The Law Society of Ontario has cancelled the lawyer licensing examinations and the call to the bar ceremonies due to take place in June. The society has said that alternative summer/autumn examination dates are being explored and that the administrative aspect of the call to the bar process is being undertaken remotely, allowing students to progress with their careers, with a celebration planned later in the year.


The Law Society of Saskatchewan and the Law Society of Alberta have temporarily reduced the articling requirements to a minimum of 8 months, instead of the previous minimum of 12 months, preventing a backlog of articling students due to limits created by coronavirus. Full statements available here and here. The Law Society of Alberta has also introduced changes allowing articling students to work remotely, as well as giving instructions on the supervision students doing this.


The American Bar Association has created a “Task Force on Legal Needs Arising Out of the 2020 Pandemic”, which launched a website on the 3rd of April to provide resources and information on the ongoing crisis and how this relates to the law. Statement available here, website available here. The ABA has also backed calls to adopt emergency rules that would allow recent and upcoming law school graduates who cannot take a bar exam because of the COVID-19 pandemic to engage in the limited practice of law, under the supervision of a licensed attorney, these individuals would have until the end of 2021 to practice without passing the bar exam. They hope this would limit the disruption to students careers, and help prevent the widening of the access to justice gap.  Full statement available here.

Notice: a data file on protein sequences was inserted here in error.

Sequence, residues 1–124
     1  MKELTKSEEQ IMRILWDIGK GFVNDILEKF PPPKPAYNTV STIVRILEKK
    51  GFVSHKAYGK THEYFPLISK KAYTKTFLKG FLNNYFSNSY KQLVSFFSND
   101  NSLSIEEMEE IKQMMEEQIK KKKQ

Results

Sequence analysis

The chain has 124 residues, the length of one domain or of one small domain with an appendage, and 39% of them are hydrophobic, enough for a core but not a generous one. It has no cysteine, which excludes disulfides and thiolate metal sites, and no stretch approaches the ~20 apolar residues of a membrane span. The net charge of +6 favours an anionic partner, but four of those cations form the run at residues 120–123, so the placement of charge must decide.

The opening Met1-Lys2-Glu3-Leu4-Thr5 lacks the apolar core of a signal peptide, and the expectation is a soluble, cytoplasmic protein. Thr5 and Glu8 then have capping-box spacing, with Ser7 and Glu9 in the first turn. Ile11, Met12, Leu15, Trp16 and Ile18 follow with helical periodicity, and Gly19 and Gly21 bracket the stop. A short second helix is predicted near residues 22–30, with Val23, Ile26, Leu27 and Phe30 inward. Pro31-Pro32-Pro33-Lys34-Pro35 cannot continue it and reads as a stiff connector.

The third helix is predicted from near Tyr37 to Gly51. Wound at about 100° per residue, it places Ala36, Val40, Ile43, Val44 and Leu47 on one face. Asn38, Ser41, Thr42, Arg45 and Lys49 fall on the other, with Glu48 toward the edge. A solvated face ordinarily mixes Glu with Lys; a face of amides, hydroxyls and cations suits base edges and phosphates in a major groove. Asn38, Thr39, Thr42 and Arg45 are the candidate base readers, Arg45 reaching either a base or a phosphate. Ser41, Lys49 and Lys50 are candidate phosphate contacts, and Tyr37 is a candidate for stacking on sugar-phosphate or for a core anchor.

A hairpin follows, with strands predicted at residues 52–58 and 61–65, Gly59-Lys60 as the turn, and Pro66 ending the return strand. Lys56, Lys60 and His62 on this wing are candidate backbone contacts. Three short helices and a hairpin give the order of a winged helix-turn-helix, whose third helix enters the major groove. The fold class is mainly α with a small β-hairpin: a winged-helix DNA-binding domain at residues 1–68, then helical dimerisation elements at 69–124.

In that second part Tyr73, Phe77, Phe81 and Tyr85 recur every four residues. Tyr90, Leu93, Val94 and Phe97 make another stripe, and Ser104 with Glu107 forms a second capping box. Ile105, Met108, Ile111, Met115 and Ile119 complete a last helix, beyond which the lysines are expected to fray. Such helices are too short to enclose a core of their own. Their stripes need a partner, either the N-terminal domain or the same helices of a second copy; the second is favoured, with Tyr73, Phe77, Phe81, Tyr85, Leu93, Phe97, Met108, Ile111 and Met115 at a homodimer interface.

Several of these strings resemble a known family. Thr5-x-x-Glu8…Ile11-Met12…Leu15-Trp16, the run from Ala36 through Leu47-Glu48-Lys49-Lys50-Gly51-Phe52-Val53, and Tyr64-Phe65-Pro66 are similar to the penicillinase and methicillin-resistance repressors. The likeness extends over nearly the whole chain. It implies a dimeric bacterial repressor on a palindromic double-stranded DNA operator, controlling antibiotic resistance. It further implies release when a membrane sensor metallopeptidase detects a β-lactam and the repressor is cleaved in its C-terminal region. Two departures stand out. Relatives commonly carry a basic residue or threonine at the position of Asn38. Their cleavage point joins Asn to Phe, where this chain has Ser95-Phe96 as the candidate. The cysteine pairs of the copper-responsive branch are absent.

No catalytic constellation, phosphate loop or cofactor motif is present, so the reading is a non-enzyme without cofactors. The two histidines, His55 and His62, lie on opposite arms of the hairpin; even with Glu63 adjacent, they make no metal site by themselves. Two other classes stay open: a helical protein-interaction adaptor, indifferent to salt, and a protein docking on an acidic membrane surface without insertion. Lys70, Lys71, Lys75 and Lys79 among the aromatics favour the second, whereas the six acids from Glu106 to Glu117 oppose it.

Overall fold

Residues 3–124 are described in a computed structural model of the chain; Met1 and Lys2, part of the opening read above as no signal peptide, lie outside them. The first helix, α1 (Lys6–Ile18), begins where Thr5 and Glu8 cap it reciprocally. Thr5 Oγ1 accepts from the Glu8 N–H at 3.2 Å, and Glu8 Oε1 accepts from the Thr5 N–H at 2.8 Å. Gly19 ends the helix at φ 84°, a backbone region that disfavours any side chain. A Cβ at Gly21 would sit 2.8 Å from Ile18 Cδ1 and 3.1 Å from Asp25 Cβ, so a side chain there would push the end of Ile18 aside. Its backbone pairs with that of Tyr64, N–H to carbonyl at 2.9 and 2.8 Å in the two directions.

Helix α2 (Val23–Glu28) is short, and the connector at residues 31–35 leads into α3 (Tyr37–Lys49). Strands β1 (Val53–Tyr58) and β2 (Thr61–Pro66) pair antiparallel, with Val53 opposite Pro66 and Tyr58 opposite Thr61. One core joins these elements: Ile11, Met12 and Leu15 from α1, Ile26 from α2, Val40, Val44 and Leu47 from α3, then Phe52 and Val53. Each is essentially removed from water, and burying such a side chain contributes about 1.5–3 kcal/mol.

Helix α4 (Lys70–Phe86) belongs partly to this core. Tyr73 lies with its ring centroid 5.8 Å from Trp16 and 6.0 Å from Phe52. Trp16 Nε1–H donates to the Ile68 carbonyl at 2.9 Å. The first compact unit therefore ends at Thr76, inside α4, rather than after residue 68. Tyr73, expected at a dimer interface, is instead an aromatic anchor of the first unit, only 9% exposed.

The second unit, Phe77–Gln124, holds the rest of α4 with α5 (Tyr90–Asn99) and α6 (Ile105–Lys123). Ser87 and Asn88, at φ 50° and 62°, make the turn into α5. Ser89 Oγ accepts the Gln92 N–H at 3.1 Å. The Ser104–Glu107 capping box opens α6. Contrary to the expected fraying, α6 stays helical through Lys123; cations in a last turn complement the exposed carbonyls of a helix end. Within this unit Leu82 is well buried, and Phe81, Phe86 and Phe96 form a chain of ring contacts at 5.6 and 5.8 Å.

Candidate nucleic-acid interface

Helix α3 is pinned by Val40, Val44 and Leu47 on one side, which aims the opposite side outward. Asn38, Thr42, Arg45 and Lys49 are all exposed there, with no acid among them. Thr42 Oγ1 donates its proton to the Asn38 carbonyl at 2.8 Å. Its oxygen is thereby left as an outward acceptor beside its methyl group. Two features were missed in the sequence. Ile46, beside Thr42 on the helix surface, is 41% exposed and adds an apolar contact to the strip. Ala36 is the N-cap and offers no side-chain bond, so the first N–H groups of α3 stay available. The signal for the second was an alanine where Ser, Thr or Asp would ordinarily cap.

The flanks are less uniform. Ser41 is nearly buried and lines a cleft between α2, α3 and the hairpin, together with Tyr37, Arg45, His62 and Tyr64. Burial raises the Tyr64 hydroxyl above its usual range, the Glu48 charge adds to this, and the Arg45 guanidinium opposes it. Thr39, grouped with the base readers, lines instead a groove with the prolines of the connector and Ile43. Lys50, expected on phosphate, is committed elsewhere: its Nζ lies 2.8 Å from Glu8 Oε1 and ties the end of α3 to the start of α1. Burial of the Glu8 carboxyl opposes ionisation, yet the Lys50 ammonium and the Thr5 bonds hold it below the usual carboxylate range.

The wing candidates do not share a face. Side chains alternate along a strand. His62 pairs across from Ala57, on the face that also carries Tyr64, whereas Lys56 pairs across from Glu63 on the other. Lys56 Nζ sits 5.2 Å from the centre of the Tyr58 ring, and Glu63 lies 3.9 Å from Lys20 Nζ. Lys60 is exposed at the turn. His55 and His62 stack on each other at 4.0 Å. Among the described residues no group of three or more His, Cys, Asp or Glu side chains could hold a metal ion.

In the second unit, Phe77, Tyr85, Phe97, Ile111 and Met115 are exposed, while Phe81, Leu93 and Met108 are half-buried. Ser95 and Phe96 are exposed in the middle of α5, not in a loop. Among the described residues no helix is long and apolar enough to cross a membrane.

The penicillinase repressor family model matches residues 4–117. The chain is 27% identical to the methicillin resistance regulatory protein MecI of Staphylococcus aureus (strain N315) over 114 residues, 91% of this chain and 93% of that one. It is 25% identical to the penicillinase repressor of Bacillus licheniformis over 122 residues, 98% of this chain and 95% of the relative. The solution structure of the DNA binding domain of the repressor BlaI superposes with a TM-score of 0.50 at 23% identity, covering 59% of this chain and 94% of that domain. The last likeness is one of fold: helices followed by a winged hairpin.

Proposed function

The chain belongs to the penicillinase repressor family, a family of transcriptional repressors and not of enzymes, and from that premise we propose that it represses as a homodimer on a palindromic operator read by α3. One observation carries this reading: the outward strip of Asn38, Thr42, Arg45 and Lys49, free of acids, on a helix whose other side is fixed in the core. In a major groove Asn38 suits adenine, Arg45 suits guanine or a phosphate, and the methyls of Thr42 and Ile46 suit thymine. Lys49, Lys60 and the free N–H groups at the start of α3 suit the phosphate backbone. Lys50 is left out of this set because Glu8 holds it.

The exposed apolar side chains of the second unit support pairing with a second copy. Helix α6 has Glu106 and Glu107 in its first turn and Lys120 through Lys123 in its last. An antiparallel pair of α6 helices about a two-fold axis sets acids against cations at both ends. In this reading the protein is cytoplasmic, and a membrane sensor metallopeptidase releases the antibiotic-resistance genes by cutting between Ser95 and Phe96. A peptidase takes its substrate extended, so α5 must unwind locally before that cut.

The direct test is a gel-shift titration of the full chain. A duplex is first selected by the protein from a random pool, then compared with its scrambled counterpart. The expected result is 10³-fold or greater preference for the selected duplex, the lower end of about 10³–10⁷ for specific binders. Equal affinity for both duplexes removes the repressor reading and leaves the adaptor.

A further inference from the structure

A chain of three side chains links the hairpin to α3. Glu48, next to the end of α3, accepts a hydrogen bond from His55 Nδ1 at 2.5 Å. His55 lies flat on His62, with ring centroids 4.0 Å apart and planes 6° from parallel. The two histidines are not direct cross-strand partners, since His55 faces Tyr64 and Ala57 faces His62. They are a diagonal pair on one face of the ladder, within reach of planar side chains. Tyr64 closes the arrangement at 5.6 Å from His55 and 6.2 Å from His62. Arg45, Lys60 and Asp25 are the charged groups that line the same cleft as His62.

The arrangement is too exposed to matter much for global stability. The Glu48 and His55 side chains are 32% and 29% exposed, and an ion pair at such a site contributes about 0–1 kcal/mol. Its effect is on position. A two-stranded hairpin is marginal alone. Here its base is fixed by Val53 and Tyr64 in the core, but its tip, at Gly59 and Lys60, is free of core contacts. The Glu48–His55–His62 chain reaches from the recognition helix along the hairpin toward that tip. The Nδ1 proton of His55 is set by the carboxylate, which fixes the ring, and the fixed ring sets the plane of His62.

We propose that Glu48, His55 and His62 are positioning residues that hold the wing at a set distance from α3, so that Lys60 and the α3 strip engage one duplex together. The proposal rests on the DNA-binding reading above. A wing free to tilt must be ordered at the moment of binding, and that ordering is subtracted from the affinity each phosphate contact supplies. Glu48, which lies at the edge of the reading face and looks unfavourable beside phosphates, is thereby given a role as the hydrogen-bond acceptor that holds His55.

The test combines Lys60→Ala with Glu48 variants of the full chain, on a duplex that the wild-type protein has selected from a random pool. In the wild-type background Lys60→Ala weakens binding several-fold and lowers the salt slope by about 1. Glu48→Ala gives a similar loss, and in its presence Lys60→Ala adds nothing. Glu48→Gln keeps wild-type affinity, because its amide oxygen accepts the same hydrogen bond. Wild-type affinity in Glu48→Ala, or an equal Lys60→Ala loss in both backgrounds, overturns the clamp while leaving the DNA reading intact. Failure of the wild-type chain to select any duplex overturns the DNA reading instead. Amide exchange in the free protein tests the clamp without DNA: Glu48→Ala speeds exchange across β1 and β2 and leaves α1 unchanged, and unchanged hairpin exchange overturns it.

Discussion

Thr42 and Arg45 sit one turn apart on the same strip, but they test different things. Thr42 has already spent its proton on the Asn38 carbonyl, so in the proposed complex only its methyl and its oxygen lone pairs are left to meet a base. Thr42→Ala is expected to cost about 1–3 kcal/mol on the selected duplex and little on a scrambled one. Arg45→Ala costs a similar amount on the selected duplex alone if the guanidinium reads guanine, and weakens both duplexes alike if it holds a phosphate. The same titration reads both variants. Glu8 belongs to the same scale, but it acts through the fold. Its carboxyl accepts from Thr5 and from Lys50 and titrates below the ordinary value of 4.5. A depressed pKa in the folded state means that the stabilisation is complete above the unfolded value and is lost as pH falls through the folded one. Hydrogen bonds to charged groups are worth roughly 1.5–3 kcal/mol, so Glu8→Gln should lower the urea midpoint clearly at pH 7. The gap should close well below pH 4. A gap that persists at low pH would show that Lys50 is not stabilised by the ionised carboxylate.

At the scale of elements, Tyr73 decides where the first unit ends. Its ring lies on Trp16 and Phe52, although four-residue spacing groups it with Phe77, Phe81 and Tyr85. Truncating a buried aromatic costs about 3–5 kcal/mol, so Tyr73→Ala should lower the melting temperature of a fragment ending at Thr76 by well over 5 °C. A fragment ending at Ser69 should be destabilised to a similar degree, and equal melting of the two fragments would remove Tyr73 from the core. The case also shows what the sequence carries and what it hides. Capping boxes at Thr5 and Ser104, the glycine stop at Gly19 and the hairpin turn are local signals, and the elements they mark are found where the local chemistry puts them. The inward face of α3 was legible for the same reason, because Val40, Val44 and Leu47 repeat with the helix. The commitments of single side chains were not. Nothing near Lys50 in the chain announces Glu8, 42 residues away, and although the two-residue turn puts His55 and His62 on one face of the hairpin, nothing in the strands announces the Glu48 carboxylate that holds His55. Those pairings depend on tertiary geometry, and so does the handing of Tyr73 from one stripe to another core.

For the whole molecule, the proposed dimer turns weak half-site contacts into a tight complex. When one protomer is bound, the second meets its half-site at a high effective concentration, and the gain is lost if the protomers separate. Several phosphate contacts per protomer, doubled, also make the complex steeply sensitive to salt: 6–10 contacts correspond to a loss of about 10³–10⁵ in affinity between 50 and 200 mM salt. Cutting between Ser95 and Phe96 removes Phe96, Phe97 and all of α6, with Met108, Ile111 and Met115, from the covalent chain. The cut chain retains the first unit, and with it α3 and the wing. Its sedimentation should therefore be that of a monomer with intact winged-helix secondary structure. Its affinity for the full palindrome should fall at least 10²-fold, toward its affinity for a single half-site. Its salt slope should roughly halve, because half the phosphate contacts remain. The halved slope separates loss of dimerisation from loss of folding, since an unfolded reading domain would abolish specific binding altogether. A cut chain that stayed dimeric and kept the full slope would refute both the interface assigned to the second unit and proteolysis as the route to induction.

0